Re: Schmoe’s comments. These are very heartfelt and powerful comments, Sir. Well said! Perhaps we should reflect on the time when it was possible to avert the confrontation and its ongoing disastrous results. In 1917, and again in 1929, in communications to the Fatima seers and to Sr. Lucia alone (1929) Our Lady of Fatima asked for the pope to consecrate RUSSIA (not the world) to the Immaculate Heart of Mary. This was to be done with all the world’s bishops on the same day in a public manner. It has never been done in this exact manner, no matter what the “experts” say. I am 70 years old and have been interested in Fatima since childhood. I have a large fatima library and have studied the apparitions. There are so many Neo-Catholic writers out their who continually denegrate the claim by the real experts (many highly educated priests and other Catholic writers who give you “meat” instead of neo-cath “pablum.) that the consecration has not been done. It hasn’t been done! How many realize that WWII could have been averted if P. Pius XI had obeyed our lady and consecrated Rusiia before 1938? And yes, he was informed about the request in time. Regarding our own times, Our Lady wanted the Third secret of Fatima revealed to the world in 1960. Pope (Saint!) John XXIII refused-pure and simply refused! Why? Because it would have halted his Second Vatican Council plans in their tracks! I can’t go into the analyzed writings by great catholic authors regarding the real contents of the secret (only the unexplained vision of the pope’s murder ihas been revealed and it isn’t the assassination ATTEMPT on JPII.) We are in the mess we are in now largely due to the failures of popes! Yes, we are complicit because we did not pray enough for the popes, but after the 1950’s the church’s leaders downplaaayed Fatima. so, although we are assured by Our Lady that “in the end” her Immaculate Heart will triumph because “the Holy Father will consecrate Russia to me, which will be converted {to Catholicism!} and a certain period of peace will be granted to the world.” That’s what she promised but it will now require a catastrophe(s) to bring it about..Read Akita.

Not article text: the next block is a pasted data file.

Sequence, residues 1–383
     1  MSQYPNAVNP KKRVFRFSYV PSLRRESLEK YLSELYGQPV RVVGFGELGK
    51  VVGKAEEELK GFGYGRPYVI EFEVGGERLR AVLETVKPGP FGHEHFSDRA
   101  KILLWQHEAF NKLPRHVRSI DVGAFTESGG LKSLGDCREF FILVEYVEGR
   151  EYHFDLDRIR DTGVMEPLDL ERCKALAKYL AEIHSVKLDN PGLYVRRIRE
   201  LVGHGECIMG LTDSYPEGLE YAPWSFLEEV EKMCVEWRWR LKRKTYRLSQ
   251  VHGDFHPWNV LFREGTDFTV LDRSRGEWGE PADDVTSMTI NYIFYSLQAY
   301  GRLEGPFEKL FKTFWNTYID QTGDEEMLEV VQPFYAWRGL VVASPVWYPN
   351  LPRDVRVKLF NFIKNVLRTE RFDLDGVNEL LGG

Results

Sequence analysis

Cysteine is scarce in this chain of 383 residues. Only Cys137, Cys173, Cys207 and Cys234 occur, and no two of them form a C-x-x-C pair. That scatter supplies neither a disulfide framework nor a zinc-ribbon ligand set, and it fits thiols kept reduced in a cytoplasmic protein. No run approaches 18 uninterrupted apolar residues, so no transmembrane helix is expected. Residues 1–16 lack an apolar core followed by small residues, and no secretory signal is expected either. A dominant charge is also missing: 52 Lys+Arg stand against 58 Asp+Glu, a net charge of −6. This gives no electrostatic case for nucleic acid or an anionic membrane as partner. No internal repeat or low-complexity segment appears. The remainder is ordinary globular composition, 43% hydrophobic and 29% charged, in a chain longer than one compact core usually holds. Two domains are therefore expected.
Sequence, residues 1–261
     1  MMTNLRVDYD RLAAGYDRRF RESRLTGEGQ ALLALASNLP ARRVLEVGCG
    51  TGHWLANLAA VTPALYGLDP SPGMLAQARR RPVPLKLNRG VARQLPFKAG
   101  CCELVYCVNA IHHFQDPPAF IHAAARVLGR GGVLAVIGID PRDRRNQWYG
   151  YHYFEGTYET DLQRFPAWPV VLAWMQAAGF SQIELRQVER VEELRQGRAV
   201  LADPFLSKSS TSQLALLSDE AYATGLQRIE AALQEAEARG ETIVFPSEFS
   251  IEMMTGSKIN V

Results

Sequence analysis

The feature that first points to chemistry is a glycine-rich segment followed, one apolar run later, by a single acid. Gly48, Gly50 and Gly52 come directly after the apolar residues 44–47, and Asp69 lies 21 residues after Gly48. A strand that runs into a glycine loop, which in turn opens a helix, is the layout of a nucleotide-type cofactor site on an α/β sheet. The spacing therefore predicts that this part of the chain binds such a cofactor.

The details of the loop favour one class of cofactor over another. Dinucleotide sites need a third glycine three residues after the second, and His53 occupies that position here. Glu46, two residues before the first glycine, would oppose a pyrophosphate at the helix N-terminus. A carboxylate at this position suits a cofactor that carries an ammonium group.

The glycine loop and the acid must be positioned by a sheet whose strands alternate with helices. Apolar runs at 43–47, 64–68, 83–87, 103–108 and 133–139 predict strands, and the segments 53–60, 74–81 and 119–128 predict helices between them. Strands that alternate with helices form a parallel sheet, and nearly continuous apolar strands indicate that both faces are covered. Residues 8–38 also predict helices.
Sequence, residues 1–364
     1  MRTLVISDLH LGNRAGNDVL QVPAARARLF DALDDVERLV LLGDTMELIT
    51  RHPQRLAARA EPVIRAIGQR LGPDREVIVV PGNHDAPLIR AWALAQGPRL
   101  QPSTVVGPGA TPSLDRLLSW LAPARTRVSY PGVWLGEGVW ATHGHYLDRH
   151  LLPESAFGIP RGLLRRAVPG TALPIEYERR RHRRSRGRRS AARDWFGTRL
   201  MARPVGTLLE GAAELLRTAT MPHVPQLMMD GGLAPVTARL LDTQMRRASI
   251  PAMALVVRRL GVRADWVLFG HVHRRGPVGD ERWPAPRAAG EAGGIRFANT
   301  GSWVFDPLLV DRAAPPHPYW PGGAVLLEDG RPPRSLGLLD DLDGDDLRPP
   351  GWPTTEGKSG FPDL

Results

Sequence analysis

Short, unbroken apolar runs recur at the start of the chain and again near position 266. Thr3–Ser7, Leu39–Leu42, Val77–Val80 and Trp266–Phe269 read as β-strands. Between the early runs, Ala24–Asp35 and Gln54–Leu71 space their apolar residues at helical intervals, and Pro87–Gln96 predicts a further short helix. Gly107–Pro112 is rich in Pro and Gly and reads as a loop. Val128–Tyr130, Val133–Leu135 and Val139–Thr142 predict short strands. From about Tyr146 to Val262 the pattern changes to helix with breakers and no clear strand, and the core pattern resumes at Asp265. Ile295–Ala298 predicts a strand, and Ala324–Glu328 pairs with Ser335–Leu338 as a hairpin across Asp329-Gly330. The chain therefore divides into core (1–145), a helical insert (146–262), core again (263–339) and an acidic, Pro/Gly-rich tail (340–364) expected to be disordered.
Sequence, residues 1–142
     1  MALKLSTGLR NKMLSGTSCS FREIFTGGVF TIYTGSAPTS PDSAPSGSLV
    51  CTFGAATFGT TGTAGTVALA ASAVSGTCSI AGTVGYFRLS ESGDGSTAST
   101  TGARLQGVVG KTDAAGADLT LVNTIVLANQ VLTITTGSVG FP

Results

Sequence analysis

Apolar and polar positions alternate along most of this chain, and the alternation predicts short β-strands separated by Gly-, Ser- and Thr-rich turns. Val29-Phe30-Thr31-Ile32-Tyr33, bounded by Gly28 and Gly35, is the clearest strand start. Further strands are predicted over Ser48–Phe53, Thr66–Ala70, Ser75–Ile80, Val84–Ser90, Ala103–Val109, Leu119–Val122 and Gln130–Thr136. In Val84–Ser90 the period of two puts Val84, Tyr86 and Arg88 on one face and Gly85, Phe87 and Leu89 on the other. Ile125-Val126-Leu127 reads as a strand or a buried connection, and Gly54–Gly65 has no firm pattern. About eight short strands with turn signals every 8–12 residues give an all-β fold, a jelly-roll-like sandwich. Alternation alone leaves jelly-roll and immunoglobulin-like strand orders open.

• Ray

    Fr. McCloskey,

    Have often seen this alleged comment by Cardinal Wojtyla.
    Nobody, but nobody ever gives the specific occasion or the source of his remarks. As an historian, surely you are familiar with the concept of the primary source. Why don’t you cite it? Maybe this is not possible, maybe Wojtyla’s alleged comment is just an urban legend?


    Ray D

  • Brad Miner

    Dear Ray D.: Your snarky comment to Fr. McCloskey aside, if you had done some research yourself, you’d have found that the speech was given in Michigan in 1976. You can get a full explanation of it at the website of John Hittinger, Reflections on the Philosopher Pope, which includes the photo above. (I’ve made the photo caption a link to Hittinger’s post.)